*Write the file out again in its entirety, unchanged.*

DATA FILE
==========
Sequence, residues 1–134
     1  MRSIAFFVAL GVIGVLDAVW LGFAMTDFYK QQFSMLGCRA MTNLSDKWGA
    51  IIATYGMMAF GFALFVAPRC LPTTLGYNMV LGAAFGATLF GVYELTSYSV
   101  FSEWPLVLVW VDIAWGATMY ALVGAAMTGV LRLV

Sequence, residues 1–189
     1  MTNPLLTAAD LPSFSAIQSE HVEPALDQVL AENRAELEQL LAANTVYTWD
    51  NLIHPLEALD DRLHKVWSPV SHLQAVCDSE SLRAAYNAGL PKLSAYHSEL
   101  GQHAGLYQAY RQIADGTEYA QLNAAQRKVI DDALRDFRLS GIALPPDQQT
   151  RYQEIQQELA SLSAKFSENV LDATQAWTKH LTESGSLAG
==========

Sequence, residues 1–134
     1  MRSIAFFVAL GVIGVLDAVW LGFAMTDFYK QQFSMLGCRA MTNLSDKWGA
    51  IIATYGMMAF GFALFVAPRC LPTTLGYNMV LGAAFGATLF GVYELTSYSV
   101  FSEWPLVLVW VDIAWGATMY ALVGAAMTGV LRLV

Sequence, residues 1–189
     1  MTNPLLTAAD LPSFSAIQSE HVEPALDQVL AENRAELEQL LAANTVYTWD
    51  NLIHPLEALD DRLHKVWSPV SHLQAVCDSE SLRAAYNAGL PKLSAYHSEL
   101  GQHAGLYQAY RQIADGTEYA QLNAAQRKVI DDALRDFRLS GIALPPDQQT
   151  RYQEIQQELA SLSAKFSENV LDATQAWTKH LTESGSLAG